Skye + Traci


Skye is a youth worker, educator, activist and white transmasculine human. Traci is a therapist, yoga teacher, educator and queer vegan femme-inist of color. They reside, practice, navigate, process, survive and flourish in the Southern California area.


MHM Ep. 3: Disclosure

Good morning REVOLUTIONARIES! We hope that you've all been safe and well this past week! On today's podcast we're talking about the complexities and intracies of disclosure and how we can make it more affirming for those of us doing the disclosure.


You can listen here:

or on LibSyn!

We'll start with a word to our allies and the 3 C's of being safe places for folks to disclose to:

  1. Be Conscious- Check your privilege, know this is difficult and know that you don't have the right to this information.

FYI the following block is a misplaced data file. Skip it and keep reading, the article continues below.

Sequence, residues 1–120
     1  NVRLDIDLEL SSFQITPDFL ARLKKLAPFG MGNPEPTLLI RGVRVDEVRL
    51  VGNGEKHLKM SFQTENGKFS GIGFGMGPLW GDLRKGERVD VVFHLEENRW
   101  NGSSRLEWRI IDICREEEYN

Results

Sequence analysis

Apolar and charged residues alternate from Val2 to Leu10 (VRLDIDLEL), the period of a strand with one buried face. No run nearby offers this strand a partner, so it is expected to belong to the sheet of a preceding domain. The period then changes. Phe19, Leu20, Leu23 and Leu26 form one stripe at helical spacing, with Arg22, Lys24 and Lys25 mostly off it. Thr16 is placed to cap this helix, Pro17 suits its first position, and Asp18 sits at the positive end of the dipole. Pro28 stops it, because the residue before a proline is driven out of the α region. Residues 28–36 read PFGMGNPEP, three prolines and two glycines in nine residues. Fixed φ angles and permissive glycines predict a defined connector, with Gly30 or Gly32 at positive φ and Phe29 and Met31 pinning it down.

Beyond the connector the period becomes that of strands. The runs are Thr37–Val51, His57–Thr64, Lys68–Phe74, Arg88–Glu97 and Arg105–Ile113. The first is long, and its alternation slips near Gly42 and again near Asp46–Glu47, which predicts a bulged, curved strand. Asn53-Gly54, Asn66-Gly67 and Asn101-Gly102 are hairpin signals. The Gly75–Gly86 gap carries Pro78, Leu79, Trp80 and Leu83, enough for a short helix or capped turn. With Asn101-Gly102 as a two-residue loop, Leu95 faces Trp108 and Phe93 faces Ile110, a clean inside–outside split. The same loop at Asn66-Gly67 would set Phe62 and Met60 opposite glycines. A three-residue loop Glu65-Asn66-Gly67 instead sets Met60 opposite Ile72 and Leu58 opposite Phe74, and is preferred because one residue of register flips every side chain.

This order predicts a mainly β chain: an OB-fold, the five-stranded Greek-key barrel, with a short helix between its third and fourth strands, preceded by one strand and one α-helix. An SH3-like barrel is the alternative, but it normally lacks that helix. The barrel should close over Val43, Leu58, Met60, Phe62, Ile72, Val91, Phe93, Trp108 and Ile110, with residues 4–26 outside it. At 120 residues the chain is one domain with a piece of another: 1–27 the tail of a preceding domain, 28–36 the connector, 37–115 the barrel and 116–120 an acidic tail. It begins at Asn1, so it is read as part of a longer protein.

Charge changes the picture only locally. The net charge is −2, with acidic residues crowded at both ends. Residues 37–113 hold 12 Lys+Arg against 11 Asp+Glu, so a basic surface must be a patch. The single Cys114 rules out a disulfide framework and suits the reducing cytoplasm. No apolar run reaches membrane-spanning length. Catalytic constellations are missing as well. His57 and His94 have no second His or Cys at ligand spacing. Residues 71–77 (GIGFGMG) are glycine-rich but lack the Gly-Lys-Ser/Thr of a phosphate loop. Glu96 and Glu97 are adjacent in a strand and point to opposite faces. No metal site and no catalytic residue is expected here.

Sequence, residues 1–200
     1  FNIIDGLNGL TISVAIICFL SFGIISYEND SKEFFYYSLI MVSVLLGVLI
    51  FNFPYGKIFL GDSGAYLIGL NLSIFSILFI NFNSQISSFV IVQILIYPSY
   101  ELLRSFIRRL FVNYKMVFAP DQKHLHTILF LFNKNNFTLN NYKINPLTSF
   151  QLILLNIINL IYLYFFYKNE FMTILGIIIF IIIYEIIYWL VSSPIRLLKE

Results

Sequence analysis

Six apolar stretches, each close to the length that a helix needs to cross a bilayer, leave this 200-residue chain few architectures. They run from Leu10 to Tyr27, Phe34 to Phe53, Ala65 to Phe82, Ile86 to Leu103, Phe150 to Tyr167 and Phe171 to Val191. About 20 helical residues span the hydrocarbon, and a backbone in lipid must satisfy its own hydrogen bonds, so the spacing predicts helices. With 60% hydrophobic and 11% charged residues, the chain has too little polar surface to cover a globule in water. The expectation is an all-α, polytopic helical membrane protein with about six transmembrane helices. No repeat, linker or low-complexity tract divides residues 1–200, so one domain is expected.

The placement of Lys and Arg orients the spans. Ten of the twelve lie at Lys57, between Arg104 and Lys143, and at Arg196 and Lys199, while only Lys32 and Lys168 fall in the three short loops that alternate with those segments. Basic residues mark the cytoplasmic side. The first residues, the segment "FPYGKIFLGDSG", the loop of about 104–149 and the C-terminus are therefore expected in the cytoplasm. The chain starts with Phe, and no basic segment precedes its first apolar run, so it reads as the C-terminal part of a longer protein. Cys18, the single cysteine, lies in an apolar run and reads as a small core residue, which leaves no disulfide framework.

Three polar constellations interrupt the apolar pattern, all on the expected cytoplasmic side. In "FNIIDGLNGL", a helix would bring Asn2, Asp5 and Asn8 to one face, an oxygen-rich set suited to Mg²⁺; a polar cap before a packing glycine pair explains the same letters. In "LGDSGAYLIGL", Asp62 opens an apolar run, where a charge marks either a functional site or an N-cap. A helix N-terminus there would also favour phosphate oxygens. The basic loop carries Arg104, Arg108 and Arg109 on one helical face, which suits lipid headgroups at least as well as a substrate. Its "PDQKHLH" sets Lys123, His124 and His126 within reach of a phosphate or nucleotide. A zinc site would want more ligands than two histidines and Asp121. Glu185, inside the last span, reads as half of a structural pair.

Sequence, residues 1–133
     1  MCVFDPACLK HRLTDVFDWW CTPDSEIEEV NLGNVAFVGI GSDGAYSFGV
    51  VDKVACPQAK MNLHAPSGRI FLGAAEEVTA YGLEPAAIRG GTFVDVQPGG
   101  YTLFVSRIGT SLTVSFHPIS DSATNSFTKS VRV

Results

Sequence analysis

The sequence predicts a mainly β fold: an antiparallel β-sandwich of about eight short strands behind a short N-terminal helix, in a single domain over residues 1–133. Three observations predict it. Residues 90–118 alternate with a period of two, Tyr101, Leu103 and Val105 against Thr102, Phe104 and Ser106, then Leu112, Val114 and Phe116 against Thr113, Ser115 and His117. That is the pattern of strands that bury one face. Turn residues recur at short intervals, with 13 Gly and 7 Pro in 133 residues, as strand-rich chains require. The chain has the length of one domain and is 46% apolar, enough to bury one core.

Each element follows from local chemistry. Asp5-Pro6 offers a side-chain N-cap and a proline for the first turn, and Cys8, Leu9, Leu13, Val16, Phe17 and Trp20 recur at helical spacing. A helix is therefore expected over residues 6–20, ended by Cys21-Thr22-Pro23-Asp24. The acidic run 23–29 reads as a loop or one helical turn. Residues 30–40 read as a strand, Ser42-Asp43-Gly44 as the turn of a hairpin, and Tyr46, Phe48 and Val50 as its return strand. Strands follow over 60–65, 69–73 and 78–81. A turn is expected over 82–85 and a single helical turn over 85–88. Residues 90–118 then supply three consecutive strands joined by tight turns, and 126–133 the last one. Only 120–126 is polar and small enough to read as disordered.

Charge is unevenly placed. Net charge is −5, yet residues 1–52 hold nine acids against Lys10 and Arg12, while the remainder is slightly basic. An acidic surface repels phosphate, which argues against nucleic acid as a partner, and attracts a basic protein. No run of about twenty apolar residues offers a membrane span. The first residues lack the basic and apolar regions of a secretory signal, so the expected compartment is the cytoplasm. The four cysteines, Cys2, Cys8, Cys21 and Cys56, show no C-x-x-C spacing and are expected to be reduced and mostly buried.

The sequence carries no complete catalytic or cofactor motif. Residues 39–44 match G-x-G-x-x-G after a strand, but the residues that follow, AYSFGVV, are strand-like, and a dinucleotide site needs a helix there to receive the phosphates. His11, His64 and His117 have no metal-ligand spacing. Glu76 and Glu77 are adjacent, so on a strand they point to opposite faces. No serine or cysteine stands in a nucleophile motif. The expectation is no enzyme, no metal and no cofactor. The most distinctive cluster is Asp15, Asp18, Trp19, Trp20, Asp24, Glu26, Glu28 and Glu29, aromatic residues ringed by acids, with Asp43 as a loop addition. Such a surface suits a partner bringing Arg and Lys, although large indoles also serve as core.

2. Be Considerate- Can you help everyone navigate physical environment safely, are you a safe person generally and are you using affirming and non-normative language?
  3. Get Consent- If someone has disclosed to you, they have disclosed to YOU only. Be respectful and honor this information.

We'll also discuss planning the best structure for our disclosure, getting clear on our needs, getting clear on the space we have to educate others and how to communicate everything clearly and succinctly.

Here are some of the links that we mention in our podcast:

Thanks so much for listening! We hope that this was helpful and we'd love to hear your thoughts, experiences and resources as well!


Skye + Traci


You can reach us at